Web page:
In a key development regarding the U.S. ambassadorship to Mexico, Sen. Bob Menendez says he will not block a long-delayed Senate vote on the confirmation of Roberta Jacobson.

The position has been vacant since last July, when Earl Wayne stepped down.

But a vote on Jacobson has been held up by some senators because of opposition to her role in the normalization of relations between Cuba and the United States.

Menendez, a New Jersey Democrat, and Sen. Marco Rubio, a Florida Republican, are both Cuban-Americans and have typically supported a hardline U.S. approach to Cuba as long as the Castro regime resists democratic reform and cracks down on dissent, among other things.

Both senators were said to have been blocking a vote on Jacobson, who is the State Department's assistant secretary for Western Hemisphere affairs.

Menendez this week told The Hill that he was not trying to obstruct a vote, and that, in fact, the Senate should move on her nomination by President Barack Obama.

Menendez, however, said he would vote against her.

“I don't have a hold on her,” Menendez told The Hill. “My solution is we'll have a vote on her.”

“I intend to vote against her because of a series of things that happened not related to Cuba, not related to Mexico," Menendez said to The Hill.

Rubio has not hidden his negative views of Jacobson. He has said she played a part in drug lord Joaquin “El Chapo” Guzman not being extradited to the United States from Mexico, as well as negotiations with Cuba even though it continues to violate human rights.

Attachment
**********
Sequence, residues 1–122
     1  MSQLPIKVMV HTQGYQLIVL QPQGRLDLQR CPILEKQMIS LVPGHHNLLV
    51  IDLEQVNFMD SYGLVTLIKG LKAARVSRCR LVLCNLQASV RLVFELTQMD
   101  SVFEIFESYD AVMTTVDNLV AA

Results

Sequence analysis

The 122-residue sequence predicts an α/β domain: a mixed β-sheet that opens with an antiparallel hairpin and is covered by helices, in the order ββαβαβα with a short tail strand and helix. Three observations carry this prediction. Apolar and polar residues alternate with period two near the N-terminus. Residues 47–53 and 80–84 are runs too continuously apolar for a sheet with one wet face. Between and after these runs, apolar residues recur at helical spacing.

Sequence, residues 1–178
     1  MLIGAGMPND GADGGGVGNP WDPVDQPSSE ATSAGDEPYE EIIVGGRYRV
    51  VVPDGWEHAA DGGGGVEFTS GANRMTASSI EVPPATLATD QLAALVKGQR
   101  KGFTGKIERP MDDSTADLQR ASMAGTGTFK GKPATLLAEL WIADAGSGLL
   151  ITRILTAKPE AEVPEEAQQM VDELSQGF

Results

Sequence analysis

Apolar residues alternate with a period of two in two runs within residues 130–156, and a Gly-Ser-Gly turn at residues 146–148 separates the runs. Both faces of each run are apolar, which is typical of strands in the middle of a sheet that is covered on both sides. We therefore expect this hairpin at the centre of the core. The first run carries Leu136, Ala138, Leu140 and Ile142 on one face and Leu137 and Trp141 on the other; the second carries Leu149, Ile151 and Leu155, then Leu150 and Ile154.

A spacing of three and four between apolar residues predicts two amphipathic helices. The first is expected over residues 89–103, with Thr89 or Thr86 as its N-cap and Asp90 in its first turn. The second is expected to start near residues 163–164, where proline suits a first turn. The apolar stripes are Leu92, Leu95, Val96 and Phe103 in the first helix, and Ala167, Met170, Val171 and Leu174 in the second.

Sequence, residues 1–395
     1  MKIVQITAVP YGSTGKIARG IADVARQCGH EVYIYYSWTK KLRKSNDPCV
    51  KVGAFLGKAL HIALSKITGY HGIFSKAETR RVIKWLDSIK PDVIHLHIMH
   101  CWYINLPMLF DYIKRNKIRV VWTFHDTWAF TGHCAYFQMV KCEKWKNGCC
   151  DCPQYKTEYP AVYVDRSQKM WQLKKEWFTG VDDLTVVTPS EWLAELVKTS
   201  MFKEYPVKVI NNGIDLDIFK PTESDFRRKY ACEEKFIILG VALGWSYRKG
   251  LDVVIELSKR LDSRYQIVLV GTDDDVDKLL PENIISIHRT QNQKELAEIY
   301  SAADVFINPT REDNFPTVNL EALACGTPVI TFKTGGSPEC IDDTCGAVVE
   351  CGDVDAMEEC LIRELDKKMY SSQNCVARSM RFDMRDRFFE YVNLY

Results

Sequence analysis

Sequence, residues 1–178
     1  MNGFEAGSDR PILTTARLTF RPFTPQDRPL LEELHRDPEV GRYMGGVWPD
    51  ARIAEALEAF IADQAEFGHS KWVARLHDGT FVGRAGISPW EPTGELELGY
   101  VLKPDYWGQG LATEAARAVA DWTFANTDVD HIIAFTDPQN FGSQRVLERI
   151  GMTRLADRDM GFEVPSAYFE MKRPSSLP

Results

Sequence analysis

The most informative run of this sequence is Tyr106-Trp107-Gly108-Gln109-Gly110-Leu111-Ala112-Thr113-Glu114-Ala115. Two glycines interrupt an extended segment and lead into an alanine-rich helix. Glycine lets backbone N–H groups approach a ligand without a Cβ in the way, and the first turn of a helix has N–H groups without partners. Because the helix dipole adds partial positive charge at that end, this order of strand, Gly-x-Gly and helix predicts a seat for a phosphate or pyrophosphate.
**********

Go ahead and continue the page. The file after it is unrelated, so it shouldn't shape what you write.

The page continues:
Rubio wrote a letter to Jacobson this year accusing her of withholding information from Congress about a Hellfire missile that had been used in a European training exercise and then sent to Cuba.

Supporters of Jacobson call the delay on the vote a political game that is leaving an important post vacant.

"Our relationship with Mexico is far too important to let this post go vacant for any longer," said Sen. Jeff Flake, an Arizona Republican, earlier this year to his colleagues. "The longer we go without an ambassador there, the more this partnership will suffer."

Praise for Menendez's move came from the U.S. Hispanic Chamber of Commerce, or USHCC, which has been vocal in pushing for a vote.

"Although Menendez has declared his intention to remain on the wrong side of history by voting against Jacobson's confirmation, his call for a full Senate vote demonstrates his willingness to stop playing political games and put good policy ahead of politics," said USHCC president Javier Palomarez. "We urge Senators Marco Rubio and Ted Cruz to follow suit in the best interests of the American people."

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